‘It’s classism’: Notts students on the Nottingham Trent vs UoN rivalry

‘I always avoid saying which university I went to in Nottingham because of embarrassment’

The rivalry between NTU and UoN has been around for years. It’s no secret. For many students at either university, it’s commonplace to hear teasing remarks about their sister institution, whether that be on nights out or in everyday conversation with friends.

But are there times when the feud crosses the line, when the competitiveness stops being innocuous and becomes disrespect?

We spoke to Notts students to hear their thoughts and experiences about the topic, particularly in relation to how UoN students treat those who study at NTU. Here’s what they said:

‘I always avoid saying which university I went to in Nottingham because of embarrassment’

21-year-old Emily left NTU last year with a degree in English. She tells The Tab Notts that she’s hesitant to tell people which Notts uni she went to because attending UoN seems to have more social acceptance than attending NTU.

“UoN is one of the most prestigious universities and NTU is a former polytechnic. I think NTU students feel looked down upon by UoN students and for me, even now, I always avoid saying which university I went to in Nottingham because of embarrassment,” she says.

Emily says she’s hesitant to reveal to people which university she attended

Emily, who now works as a reporter for the Daily Express, explains that this hesitation to disclose her educational history has expanded to the world of work.

She says: “Just the other day I graduated from NTU and when people in the office were asking me the next day where I graduated from, I hesitated because I did feel embarrassed.

“I do think this rivalry and misconception of inferiority/superiority affects people throughout their whole time at university and even in their future careers.

“Journalism is an industry dominated by people who studied at Russell Group universities. These stats are from a few years ago but a study found that 74% of the top 100 media professionals attended a Russell Group university… so you can imagine how worried I was when applying for jobs, knowing I went to NTU.”

‘My take on it is that it’s down to classism’

It isn’t just Emily who believes those who study at Russell Group universities receive more respect from society. Jennifer*, who studies at UoN, says she’s seen first-hand how the conflict can be “discriminatory” against NTU students like her boyfriend.

“People [at UoN] have been hostile or just ignored him for the whole time after learning he was from NTU,” she says. “At the NTU events, sure they’d joke a bit that I was from UoN but after doing so, they would move on to other conversations and not make the whole evening about it.”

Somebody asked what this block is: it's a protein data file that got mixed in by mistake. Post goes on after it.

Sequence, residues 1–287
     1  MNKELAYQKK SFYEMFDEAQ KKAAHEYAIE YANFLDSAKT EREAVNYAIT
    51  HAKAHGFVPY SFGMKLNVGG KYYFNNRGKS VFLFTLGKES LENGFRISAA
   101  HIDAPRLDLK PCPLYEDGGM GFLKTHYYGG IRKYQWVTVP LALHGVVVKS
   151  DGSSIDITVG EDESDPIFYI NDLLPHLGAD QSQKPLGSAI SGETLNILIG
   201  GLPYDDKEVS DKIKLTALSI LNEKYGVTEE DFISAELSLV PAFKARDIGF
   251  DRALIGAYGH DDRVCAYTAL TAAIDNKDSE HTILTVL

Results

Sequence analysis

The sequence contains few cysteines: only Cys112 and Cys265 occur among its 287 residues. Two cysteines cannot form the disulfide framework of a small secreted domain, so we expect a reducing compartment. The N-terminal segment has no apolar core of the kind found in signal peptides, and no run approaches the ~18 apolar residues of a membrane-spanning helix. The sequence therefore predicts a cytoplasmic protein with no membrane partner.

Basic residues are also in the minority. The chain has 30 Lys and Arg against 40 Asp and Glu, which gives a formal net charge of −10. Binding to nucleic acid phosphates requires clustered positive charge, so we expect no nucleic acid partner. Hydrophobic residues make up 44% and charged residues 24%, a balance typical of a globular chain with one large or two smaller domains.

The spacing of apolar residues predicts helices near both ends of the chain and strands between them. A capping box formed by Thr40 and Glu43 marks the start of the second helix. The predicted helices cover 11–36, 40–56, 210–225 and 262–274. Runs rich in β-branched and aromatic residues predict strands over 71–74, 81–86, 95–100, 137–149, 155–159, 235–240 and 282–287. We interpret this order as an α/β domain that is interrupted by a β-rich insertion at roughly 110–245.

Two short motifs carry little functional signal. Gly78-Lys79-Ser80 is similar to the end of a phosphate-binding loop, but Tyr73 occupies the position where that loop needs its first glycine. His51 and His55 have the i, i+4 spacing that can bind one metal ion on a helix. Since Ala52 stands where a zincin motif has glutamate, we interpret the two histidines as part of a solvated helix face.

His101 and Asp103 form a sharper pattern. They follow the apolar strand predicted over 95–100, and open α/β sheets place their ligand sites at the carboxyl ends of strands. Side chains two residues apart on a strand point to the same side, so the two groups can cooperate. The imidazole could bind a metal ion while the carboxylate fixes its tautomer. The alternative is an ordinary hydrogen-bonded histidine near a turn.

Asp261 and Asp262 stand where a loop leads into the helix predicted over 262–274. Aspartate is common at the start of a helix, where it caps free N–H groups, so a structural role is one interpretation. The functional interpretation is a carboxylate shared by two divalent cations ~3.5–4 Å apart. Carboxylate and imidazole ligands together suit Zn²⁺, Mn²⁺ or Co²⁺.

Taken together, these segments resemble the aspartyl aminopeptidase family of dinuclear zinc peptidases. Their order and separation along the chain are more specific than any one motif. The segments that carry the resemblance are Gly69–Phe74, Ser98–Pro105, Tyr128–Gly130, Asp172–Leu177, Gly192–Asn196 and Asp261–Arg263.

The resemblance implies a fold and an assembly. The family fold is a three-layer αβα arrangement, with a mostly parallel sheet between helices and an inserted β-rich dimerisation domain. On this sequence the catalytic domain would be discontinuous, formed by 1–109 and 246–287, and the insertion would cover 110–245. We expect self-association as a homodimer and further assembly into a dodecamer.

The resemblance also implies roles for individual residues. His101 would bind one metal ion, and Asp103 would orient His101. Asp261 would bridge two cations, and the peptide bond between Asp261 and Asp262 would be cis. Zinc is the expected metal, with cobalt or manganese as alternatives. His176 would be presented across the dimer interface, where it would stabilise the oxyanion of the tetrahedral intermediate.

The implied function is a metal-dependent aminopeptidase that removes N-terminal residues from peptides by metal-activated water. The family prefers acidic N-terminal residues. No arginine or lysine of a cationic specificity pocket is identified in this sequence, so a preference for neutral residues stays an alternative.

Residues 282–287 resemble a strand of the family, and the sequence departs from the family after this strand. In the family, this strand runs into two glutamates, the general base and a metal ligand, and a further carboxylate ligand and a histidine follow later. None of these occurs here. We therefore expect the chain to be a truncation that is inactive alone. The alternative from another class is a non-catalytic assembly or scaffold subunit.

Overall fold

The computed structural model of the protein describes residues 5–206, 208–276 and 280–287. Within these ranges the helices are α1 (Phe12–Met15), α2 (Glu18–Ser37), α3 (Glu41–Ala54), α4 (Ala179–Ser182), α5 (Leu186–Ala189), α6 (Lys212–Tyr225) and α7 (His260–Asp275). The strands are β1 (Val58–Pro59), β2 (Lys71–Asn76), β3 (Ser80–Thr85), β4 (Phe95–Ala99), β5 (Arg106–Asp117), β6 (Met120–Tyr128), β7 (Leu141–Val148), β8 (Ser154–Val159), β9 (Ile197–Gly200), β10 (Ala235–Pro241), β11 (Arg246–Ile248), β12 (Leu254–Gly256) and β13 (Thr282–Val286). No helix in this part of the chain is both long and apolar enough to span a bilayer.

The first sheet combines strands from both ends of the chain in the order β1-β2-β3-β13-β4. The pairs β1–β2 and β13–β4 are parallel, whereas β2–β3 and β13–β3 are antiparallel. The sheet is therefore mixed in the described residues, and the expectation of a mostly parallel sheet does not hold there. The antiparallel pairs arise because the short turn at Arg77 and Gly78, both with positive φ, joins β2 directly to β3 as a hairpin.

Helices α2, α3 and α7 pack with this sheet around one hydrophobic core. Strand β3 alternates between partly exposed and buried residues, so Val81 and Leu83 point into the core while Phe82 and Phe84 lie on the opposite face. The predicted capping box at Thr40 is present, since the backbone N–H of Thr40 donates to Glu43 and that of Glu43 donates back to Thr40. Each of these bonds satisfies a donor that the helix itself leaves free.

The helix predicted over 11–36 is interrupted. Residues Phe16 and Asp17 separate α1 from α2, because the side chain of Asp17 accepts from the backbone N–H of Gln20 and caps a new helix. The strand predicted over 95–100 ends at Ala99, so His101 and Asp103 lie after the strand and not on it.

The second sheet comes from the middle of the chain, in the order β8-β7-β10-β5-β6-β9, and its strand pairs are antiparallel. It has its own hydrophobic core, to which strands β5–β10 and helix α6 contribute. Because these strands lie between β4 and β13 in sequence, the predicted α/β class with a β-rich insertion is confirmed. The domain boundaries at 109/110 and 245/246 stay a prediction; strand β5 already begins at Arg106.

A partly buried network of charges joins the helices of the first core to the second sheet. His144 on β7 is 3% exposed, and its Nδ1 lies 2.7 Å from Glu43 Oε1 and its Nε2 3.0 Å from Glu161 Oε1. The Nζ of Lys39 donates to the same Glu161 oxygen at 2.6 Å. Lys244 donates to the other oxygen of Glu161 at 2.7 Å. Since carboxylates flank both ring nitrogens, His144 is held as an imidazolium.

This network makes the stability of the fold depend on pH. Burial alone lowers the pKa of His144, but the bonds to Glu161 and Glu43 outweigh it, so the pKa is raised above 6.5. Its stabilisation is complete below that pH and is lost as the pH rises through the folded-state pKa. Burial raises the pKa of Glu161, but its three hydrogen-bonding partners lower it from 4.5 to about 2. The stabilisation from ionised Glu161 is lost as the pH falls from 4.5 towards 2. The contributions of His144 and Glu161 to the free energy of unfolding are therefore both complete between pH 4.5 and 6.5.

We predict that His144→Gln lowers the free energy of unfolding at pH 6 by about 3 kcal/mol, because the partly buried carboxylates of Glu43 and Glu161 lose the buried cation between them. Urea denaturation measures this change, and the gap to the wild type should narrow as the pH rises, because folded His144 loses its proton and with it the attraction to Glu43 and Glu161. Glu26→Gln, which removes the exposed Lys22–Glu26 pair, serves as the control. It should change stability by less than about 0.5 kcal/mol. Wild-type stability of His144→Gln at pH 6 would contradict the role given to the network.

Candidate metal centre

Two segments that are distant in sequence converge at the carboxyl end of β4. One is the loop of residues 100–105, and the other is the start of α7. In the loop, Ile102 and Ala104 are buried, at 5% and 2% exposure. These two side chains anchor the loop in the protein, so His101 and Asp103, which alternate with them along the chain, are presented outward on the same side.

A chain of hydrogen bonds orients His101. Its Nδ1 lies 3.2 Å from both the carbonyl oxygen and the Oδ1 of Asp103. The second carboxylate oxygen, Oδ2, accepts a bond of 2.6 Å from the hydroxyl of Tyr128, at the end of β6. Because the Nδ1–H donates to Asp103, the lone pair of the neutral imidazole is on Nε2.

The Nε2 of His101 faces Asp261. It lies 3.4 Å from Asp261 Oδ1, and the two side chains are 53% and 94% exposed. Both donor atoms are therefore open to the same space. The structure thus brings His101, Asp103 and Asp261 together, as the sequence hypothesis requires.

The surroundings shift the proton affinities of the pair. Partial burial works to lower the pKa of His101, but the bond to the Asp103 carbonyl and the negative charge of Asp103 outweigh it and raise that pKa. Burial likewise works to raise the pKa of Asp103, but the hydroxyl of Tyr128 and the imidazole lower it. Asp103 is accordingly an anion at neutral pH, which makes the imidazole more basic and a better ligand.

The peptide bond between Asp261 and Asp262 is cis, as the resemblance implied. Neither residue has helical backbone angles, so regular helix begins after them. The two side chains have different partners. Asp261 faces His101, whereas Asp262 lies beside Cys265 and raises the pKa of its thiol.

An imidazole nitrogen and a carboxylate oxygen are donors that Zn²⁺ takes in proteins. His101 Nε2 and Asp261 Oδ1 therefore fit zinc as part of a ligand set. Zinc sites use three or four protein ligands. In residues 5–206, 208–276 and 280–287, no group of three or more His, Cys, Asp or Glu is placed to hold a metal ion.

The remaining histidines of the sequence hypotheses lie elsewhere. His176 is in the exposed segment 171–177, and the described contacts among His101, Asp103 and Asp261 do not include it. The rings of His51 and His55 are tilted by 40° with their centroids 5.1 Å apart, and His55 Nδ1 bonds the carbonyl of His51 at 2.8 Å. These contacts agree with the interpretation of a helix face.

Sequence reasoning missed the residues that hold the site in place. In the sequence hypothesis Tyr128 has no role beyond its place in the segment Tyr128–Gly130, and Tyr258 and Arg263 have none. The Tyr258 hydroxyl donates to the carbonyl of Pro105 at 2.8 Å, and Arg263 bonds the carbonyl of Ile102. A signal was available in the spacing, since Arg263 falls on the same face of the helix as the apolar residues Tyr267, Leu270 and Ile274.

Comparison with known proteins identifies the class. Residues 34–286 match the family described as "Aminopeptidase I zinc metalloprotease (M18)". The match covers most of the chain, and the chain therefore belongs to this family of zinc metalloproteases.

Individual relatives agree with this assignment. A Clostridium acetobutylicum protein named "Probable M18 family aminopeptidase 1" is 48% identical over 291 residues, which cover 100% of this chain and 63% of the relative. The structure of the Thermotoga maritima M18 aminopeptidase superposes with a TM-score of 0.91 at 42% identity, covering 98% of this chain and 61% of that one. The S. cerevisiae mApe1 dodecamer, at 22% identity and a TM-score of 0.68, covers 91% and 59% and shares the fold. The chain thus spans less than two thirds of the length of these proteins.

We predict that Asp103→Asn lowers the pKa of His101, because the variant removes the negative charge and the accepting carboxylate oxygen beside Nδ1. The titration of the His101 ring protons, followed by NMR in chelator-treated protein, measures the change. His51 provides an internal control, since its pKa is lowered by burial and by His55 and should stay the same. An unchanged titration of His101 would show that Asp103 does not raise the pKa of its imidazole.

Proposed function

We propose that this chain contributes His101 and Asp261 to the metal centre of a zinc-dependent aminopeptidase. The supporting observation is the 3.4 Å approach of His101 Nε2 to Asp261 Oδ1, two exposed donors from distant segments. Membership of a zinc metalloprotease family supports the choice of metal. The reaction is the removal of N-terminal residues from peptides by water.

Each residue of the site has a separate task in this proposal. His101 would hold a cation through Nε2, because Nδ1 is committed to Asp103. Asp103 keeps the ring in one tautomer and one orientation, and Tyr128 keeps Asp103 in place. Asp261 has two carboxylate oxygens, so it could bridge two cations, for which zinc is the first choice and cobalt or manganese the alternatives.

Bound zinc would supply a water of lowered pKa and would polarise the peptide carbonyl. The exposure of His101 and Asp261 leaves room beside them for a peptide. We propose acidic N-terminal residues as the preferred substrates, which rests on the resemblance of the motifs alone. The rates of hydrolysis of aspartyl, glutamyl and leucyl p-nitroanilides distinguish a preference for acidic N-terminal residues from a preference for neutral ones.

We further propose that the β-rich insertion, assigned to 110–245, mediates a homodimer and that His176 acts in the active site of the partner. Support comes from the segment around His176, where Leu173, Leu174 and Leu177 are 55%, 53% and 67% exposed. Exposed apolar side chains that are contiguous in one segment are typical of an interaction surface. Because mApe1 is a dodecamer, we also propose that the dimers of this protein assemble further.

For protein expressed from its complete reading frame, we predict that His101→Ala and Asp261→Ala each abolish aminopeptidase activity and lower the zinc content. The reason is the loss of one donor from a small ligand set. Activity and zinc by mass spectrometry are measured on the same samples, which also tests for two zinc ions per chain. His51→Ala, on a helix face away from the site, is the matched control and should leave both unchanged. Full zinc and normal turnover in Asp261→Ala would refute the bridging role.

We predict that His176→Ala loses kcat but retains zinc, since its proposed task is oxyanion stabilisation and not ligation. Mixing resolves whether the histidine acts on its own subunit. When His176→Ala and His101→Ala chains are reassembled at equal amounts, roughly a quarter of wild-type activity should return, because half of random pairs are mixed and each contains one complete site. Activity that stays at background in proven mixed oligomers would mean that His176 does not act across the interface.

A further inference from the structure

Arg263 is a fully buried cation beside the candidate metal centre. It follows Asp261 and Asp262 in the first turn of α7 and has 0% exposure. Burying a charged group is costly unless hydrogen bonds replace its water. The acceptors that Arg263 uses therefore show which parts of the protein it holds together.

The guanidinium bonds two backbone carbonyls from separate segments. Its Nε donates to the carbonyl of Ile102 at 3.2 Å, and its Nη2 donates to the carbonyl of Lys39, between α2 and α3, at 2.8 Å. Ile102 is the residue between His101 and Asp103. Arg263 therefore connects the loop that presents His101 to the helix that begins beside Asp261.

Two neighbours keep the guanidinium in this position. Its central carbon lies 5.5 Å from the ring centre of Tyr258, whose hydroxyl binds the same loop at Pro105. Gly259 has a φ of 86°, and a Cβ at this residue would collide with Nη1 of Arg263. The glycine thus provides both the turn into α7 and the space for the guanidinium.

Jennifer adds that she thinks this mistreatment of NTU students is rooted in wider societal forms of oppression: “My take on it is that it’s down to classism. The people who were discriminatory about him being from NTU were always affluent. We’re both from Birmingham, are working-class and have part-time jobs alongside uni, whereas they’d typically be from somewhere down South and could afford more than basics.”

‘When I say I go to Nottingham Trent, their tone and personality changes entirely’

Akin to Jennifer, James* says that he’s had first-hand encounters of rudeness from UoN students.

James, who studies at NTU, shares: “I’ve had instances where I’ve met someone from the University of Nottingham. When I say I go to Nottingham Trent, their tone and personality changes entirely. It’s so surreal because I’ve never experienced it before in any other aspect of my life.”

While James says he hasn’t personally experienced physical violence because of the university he attends, he says he has “heard stories of fights kicking off in town between Uni of and Trent”, which he finds “so stupid because it crosses that line of just being a bit of fun.”

‘I think it’s important to maintain a friendly rivalry’

Despite acknowledging the more disrespectful side of this conflict, James does say that a bit of frivolous feuding between institutions shouldn’t be discouraged.

He explains: “I actually think it’s important to maintain that sort of friendly rivalry. In some cases, it’s quite funny if you don’t look into it too hard. At the end of the day, it’s uni, it’s supposed to be a bit of a joke. That sort of stuff should happen.”

Emily echoes this sentiment that a bit of rivalry can be good-natured.

“More often than not, the rivalry is jovial and occurs in many student cities across the country that have two major universities. I remember back at uni you would always hear chants from UoN students like, “Your dad works for my dad” and NTU students would shout things back. But it was never anything more than a joke,” she says.

Emily adds, however, that some people “particularly at NTU, can take this [rivalry] to heart.” She suggests that people shouldn’t genuinely think that just because a person attends NTU they won’t amount to anything in life.

“I got a job at a national newspaper last year and I would like to think I’m doing really well,” she says. “Having studied at a former polytechnic, university did not hold me back.”

UoN have been contacted for comment, but are yet to provide a response.

Names marked with an (*) have been changed on the grounds of preserving anonymity.

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